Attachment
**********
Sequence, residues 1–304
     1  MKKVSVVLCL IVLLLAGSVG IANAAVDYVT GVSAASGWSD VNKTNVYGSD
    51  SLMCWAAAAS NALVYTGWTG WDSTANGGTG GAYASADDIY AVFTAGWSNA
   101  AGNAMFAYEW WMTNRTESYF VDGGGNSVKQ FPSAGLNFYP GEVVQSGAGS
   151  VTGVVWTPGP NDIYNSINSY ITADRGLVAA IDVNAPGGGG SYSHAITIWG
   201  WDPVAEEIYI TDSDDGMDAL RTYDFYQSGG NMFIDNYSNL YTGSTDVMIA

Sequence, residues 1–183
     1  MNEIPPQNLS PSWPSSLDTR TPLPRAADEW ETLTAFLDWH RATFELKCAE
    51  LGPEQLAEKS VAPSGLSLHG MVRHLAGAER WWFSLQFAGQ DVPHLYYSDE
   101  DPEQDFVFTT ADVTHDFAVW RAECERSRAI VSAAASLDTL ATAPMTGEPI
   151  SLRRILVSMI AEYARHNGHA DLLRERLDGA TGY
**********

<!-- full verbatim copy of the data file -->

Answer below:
Sequence, residues 1–304
     1  MKKVSVVLCL IVLLLAGSVG IANAAVDYVT GVSAASGWSD VNKTNVYGSD
    51  SLMCWAAAAS NALVYTGWTG WDSTANGGTG GAYASADDIY AVFTAGWSNA
   101  AGNAMFAYEW WMTNRTESYF VDGGGNSVKQ FPSAGLNFYP GEVVQSGAGS
   151  VTGVVWTPGP NDIYNSINSY ITADRGLVAA IDVNAPGGGG SYSHAITIWG
   201  WDPVAEEIYI TDSDDGMDAL RTYDFYQSGG NMFIDNYSNL YTGSTDVMIA

Sequence, residues 1–183
     1  MNEIPPQNLS PSWPSSLDTR TPLPRAADEW ETLTAFLDWH RATFELKCAE
    51  LGPEQLAEKS VAPSGLSLHG MVRHLAGAER WWFSLQFAGQ DVPHLYYSDE
   101  DPEQDFVFTT ADVTHDFAVW RAECERSRAI VSAAASLDTL ATAPMTGEPI
   151  SLRRILVSMI AEYARHNGHA DLLRERLDGA TGY